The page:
Wood construction, 72 x 48 inches Private Collection; Provenance: Elise Stern Haas

70



TABLET 1964

Wood construction painted black with red wash, 18 3/4 x 9 1/2 x 1 3/4 inches Private Collection

72


SIMPSON’S WAY 1964

Wood painted white, 36 inches diameter Private Collection

73


UNTITLED 1964

Wood construction painted black, 14 x 12 inches Private Collection; Provenance: Harry Lockard

74


UNTITLED 1964

Wood painted black with blue, 15 3/4 x 14 x 2 1/2 inches Private Collection

75


RED CHECKS SERIES 1965

Painted wood, 12 x 12 inches Faralla Estate

76


CIRCLE 1965

Wood painted black with orange and yellow oxide, 14 inches diameter Private Collection

77


GREEK CROSS II 1964

Wood construction, 9 x 9 x 1 3/4 inches Private Collection

78


RELIEF 1966

Wood with black paint, 12 x 11 inches Private Collection

79


RELIEF 1966

Mixed media, 10 3/4 x 6 inches Provenance: Gift to Gerry Siegriest

80


RELIEF 1966

Mixed media with red horizontal on black, 10 1/4 x 11 inches Provenance: William and June Faralla Collection

81


RELIEF I (HOMAGE TO JOHN BAXTER) 1966

Paper, egg cartons, wood, latex paint, and sand, 11 3/4 x 10 3/4 x 1 1/2 inches San Francisco Museum of Modern Art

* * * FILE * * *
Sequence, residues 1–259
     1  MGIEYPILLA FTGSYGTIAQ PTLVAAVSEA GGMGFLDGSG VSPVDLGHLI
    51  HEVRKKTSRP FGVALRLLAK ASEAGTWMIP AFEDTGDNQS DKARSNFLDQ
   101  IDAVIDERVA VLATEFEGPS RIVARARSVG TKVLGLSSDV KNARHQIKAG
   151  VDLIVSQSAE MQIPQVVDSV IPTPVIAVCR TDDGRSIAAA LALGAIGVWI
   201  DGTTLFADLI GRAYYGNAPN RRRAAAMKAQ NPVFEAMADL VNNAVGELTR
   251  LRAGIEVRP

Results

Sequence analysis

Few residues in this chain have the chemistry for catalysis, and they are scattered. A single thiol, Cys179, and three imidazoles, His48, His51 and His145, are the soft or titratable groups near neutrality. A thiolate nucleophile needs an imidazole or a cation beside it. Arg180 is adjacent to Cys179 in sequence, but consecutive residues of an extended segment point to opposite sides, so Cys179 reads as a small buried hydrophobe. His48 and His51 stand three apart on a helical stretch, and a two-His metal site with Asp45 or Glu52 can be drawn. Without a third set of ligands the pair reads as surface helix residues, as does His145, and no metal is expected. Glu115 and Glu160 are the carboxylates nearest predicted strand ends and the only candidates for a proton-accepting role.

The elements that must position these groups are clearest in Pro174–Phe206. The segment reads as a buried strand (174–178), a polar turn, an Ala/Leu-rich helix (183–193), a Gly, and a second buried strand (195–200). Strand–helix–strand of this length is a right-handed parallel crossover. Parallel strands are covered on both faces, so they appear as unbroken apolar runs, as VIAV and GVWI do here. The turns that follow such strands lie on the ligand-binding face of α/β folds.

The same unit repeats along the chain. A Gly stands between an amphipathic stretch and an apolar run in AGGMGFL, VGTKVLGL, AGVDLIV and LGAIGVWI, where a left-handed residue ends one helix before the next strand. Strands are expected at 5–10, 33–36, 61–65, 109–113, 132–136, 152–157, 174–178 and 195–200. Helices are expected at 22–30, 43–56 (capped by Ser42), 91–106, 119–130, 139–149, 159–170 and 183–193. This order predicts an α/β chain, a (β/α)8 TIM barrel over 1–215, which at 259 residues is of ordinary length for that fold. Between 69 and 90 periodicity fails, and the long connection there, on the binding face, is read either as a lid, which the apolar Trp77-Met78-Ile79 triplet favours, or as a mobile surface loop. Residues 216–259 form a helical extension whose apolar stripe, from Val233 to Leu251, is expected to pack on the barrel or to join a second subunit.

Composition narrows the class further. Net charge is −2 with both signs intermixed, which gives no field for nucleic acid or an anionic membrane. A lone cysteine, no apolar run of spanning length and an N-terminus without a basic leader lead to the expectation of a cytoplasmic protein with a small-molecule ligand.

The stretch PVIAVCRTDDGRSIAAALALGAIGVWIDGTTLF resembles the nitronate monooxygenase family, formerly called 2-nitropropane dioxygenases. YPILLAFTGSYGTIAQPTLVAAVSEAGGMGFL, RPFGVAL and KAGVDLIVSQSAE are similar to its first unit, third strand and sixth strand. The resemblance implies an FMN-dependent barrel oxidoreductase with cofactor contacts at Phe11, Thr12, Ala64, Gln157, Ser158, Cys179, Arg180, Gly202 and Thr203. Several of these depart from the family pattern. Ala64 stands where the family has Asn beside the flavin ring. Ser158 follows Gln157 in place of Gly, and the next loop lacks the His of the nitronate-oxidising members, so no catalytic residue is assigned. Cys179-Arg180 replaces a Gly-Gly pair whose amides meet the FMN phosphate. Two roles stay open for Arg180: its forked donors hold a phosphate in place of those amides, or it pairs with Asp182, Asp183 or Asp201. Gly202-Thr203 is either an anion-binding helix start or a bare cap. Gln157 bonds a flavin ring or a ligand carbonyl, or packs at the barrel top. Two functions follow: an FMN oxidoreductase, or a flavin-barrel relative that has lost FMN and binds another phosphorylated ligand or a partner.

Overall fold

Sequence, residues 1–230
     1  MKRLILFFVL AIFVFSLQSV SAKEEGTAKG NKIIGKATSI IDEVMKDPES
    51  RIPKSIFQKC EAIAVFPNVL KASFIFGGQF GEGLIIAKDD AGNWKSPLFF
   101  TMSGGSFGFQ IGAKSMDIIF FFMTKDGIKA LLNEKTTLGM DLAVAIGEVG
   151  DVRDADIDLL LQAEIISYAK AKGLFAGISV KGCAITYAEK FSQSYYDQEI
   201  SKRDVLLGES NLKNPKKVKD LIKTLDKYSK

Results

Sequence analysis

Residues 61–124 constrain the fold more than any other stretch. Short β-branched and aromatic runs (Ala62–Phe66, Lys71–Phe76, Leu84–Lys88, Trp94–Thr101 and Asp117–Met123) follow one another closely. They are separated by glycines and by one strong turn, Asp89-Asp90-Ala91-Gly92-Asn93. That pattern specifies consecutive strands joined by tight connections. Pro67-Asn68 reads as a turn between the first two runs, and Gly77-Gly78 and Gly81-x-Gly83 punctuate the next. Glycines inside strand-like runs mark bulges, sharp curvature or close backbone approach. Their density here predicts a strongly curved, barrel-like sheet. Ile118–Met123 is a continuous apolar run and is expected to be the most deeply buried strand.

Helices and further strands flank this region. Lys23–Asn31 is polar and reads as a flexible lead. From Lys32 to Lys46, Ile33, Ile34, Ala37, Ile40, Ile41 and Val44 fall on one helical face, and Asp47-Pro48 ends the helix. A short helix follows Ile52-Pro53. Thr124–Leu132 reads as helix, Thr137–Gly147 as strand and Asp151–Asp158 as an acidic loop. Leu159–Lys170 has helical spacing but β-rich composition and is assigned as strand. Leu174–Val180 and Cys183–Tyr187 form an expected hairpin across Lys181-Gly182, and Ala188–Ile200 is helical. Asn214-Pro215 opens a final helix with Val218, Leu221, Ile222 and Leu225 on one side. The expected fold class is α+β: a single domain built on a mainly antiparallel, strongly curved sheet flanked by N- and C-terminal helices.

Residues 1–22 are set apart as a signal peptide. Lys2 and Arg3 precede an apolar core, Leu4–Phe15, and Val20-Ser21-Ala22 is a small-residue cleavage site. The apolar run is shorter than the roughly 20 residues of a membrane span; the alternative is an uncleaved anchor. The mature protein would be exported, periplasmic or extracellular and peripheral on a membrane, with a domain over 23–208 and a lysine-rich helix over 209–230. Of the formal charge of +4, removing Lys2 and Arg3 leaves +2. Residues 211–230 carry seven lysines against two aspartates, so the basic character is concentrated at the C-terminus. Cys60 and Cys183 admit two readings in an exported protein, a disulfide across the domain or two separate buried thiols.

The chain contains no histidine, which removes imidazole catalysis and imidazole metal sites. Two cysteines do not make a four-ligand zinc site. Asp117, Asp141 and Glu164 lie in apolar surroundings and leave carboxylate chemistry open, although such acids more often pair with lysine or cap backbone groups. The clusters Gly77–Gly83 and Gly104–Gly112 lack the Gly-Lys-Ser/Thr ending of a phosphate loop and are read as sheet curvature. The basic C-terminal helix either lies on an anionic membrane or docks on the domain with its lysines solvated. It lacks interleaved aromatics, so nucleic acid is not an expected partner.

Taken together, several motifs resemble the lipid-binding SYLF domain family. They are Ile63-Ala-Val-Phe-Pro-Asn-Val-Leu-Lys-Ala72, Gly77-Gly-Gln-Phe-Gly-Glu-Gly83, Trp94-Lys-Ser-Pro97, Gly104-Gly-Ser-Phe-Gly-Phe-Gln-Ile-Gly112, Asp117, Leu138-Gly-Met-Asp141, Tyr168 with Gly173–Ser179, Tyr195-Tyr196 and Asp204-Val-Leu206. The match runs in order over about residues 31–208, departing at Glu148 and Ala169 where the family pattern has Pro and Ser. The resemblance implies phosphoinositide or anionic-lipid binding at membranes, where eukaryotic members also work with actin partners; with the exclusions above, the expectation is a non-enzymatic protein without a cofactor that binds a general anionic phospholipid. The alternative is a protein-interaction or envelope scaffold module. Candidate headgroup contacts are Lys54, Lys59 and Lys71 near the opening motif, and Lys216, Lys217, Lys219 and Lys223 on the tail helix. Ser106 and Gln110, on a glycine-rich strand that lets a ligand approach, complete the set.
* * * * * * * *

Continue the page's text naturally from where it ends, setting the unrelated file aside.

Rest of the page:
82


ARCHAE-TECHTONIC VI 1966

Wood construction, 13 x 13 x 4 inches Private Collection

83


CYBERNAUGHT 1968

Painted wood assemblage, 20 x 5 x 12 inches the Landing Gallery, Los Angeles

84


BOX IV (REVERSE CONSTRUCTION) 1968

Painted wood 22 x 11 1/2 x 6 inches Private Collection

85


CABINET VI 1968

Wood construction with nails and glass, painted black, 11 1/2 x 12 1/2 x 2 1/2 inches Private Collection

86


CABINET VI 1968 [alternate view]

87


CABINET I 1968

Wood and glass assemblage, 12 1/2 x 10 1/2 x 1 1/2 inches

88


UNTITLED 1969

Wood and mirror, 6 1/4 x 6 3/4 x 1 1/2 inches Private Collection. Provenance: Gift to Lou Siegriest, 1970

89


UNTITLED (MIRROR) 1969

Painted wood, mirror, tile, and plastic, 11 1/2 x 3 3/4 x 1 1/4 inches Private Collection

90


DUNCAN MILLS 1969

Painted wood construction with glass, 6 3/4 x 3 3/4 x 1 1/4 inches Private Collection

91



NIGHT VESSEL (SARCOPHOGUS) 1969

Dedicated to the Memory of Edna Stoddard Siegriest Painted wood with blue wash, silver name plate, 80 x 32 x 14 inches Oakland Museum of California; Gift of the Artist

93


ARCHITECTONIC 1969

Wood painted with white tempera, 10 x 10 inches Image courtesy of CONVERSO, Chicago; Faralla Estate

94


ARCHITECTONIC 1969

Wood painted with red tempera, 14 x 8 inches Faralla Estate

95


architectonic 1969

Wood and blue tempera, 10 x 10 inches Image courtesy of CONVERSO, Chicago; Faralla Estate

96


TONDO (GOD BLESS TINY TIM) 1969